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I-Tri Students Present with All Their Heart and Soul  

Allison Vaughan, the founder of SoulFully Vegan, which operates two food trucks and has a restaurant in Berlin, Conn., walked away from Gilchrist Auditorium with a full plate.  

“I don’t think I’ve ever learned as much in one day, ever, ever,” she told the various groups of Innovation Trimester (I-Tri) students who presented to her on Friday, April 5.  

I-Tri students, all seniors, step away from their regular classes and daily schedule in their final term to offer solutions to challenges faced by local businesses and nonprofits. This year there are 16 in the program. 

SoulFully Vegan sought help in two areas: 

How can it leverage emerging social media platforms to connect with a broader audience and increase brand awareness? 

In what ways can it differentiate itself from competitors in the local market, fostering brand loyalty and repeat business? 

The students split into groups, some working on the first challenge, some on the second. The social media ideas included creating behind-the-scenes videos to “showcase the brand in an entertaining way,” continuing to leverage Instagram, interacting with customers via social media “to create a relationship,” establishing a social media internship position through a local college, and using a professional photographer for food shoots “to enhance the digital presentation” or partnering with the photography department at the University of Hartford, which one group contacted after coming up with the idea. 

A group that dealt with the second question suggested that SoulFully Vegan leverage Toast, a comprehensive restaurant point-of-sale and management system that the business uses, to create loyalty and fundraising programs as a way to “reward recurring customers and give back to the community.” As with most of the presentations, there was supporting evidence, in this case showing that many people regard loyalty programs as important.  

Though there would be an additional cost to having Toast managing that program, there is no cost involved in using a fundraising option on Toast. Since SoulFully Vegan already is involved with charitable giving, this would allow customers to get involved at no cost to the business. For instance, the student presenters explained, there is an “end of transaction” option, allowing a customer to round up the bill with that additional money going to a charity of SoulFully Vegan’s choice. Again, supporting evidence illustrated that people feel good when a company is charitable.  

Another group recommended that SoulFully Vegan use limited-time specials to “excite returning customers,” “distinguish itself” from competitors, and “increase brand loyalty.” The students also suggested seasonal specials, and the group went as far as making a vegan apple pie milkshake on the spot since one of Ms. Vaughan’s favorite holidays is Thanksgiving. She was handed a sample. “Don’t be upset if I steal this recipe,” she said with a laugh.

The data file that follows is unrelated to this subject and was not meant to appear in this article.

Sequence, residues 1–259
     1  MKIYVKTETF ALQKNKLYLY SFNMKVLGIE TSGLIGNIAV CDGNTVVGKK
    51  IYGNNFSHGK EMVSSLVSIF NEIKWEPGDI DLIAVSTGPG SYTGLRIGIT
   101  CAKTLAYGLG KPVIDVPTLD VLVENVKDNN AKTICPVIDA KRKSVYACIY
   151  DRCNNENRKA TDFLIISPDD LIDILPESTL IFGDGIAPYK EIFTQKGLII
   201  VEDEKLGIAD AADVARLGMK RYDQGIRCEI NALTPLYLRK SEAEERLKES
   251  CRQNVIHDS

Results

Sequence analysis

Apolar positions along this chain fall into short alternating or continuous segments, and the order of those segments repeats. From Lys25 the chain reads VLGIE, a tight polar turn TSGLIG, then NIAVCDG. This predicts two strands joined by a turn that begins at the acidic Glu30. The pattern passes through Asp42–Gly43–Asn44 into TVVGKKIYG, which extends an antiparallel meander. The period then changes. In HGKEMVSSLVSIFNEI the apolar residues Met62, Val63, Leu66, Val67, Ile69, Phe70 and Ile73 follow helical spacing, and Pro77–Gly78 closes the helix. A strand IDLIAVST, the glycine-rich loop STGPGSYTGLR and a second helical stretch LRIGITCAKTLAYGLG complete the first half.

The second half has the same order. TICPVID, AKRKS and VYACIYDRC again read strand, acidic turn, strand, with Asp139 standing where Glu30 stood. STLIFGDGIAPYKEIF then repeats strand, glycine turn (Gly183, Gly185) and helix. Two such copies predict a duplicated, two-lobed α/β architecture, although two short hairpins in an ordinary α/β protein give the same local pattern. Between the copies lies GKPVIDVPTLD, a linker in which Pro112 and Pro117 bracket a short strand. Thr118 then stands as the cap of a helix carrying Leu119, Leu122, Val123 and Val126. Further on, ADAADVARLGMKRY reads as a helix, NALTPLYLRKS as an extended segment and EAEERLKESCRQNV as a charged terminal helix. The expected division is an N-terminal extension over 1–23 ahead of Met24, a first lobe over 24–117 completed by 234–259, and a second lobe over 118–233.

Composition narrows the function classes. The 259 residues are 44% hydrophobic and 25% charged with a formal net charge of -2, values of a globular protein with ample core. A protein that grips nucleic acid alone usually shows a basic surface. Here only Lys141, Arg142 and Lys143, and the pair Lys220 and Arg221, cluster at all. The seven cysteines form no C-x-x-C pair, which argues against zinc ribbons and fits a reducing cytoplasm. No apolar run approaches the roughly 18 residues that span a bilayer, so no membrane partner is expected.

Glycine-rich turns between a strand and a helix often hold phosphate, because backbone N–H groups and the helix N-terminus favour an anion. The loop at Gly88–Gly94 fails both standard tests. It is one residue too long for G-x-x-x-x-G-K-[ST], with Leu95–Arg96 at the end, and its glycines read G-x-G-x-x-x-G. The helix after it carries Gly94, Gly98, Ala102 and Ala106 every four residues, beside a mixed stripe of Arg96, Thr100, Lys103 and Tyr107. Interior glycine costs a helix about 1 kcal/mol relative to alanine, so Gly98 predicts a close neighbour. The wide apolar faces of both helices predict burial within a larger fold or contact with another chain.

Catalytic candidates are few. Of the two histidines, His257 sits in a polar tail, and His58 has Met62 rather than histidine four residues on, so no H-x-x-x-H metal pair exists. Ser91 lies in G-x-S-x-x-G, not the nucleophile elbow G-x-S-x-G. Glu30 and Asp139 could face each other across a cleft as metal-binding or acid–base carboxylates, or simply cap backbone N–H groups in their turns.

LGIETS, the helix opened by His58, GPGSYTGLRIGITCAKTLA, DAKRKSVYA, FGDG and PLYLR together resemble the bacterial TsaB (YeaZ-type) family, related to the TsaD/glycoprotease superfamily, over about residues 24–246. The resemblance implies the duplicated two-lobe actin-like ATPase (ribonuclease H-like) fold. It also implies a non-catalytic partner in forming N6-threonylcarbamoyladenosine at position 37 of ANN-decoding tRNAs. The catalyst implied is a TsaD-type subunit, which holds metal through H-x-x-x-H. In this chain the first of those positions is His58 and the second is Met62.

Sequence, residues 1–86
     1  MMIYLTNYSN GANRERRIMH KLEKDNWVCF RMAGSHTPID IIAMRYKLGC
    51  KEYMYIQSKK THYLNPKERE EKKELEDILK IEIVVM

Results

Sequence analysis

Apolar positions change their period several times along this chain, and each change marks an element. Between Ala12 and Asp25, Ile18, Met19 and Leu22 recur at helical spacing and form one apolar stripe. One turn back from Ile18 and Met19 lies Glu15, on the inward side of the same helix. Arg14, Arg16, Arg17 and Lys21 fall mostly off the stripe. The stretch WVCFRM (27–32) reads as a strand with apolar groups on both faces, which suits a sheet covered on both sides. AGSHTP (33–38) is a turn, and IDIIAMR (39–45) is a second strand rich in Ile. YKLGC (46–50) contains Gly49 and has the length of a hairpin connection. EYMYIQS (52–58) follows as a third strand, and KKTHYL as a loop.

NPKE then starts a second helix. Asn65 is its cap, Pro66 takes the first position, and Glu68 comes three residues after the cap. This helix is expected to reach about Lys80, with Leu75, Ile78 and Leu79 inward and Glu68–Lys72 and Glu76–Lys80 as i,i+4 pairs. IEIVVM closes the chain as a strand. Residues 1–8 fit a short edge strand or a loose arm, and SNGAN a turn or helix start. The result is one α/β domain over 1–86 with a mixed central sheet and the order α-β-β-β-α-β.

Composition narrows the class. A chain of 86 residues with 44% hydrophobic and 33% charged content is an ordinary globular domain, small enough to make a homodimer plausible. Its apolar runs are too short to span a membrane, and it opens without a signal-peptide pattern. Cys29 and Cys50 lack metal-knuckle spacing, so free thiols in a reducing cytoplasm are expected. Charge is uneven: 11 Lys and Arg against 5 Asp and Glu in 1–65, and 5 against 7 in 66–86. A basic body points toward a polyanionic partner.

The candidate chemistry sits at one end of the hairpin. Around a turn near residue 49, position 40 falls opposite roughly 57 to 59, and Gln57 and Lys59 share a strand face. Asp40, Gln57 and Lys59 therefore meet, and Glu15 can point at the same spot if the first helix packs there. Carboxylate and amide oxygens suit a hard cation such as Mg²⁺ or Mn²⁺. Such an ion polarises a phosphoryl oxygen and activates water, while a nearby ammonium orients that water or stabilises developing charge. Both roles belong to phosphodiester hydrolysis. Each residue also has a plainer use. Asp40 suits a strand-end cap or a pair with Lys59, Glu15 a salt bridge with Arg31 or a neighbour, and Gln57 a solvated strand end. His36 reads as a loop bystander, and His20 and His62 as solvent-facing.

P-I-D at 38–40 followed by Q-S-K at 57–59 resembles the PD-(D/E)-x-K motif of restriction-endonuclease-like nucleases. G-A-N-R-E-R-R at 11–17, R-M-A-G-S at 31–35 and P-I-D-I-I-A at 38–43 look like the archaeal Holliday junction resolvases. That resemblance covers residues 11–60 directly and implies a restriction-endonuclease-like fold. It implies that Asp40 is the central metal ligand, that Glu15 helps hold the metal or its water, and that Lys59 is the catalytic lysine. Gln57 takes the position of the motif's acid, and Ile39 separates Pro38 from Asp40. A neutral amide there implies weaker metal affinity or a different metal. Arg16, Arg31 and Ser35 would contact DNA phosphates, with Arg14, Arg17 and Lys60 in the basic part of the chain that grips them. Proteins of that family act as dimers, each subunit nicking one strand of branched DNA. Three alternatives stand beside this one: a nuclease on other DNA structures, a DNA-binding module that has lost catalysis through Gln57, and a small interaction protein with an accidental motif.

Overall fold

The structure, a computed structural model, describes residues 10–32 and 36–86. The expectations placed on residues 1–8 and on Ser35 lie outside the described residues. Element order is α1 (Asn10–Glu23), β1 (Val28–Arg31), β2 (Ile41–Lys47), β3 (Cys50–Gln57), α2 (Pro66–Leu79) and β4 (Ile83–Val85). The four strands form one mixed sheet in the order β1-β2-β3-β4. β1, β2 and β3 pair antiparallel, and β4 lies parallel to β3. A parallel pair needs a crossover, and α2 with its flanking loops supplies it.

After the I-Tri participants reflected on the experience of advising a real client, Ms. Vaughan told them she was proud of them. She said she was struck by how polished the presentations were. 

I-Tri SoulFully Vegan owner

I appreciate all of this work," Allison Vaughan told the I-Tri students. "It was high-level work and each of the presentations was the epitome of that.” 

“Something like that to me says, ‘Wow, you took the time to practice again and again and again,’” she said. “And this is very much the real world. SoulFully Vegan is my business, is what pays my bills, puts the food on the table, so you are impacting my life for real. Training wheels are off. This is the real thing. So I appreciate all of this work; it was high-level work and each of the presentations was the epitome of that.” 

The idea for the business came in 2020 when Ms. Vaughan, then in the corporate world, was working from home because of COVID-19. Her husband, Calvin, was diagnosed with extremely high cholesterol, and he was only in his late 30s. Something had to change. They went vegan, and he eventually was able to manage the high cholesterol through diet and not pills. Still, good vegan food was difficult to find, Ms. Vaughan said. They found that solution with SoulFully Vegan. 

“I cashed out my 401k. My parents thought I was out of mind,” she said. “We started the business with the first truck in May of ‘21. I had quit my job in February of ’21, hadn’t even sold a burger yet. We opened the second truck in October of ‘22 and the brick-and-mortar restaurant in November of ‘23.” 

At the end of the presentations, Ms. Vaughan encouraged  the students to continue to follow her on social media to see some of their suggestions implemented.  

The students will participate in two more major projects with local businesses. Each project is a surprise until their first visit with the client. But before they begin their next project, the students are analyzing the SoulFully Vegan project; their presentations were recorded. After viewing their team’s presentation, they were to reflect on how they worked as a team and their individual contributions and offer constructive criticism not only to their teammates, but also to themselves. 

Those participating in this year’s program are Mark Advena, Sylvia Barresi, Logan Elie, Leila Fournier, Julia Grant, Chloe Kahn, Nicole Levine, Hannah Lund, Alister MacLean, Lily Magliacano, Tahmir Murphy, Chelsea Ndzana-Zogo, Chichi Oreh, Jackie Ryckman, Emma Sage, and Charlotte Tobin. 




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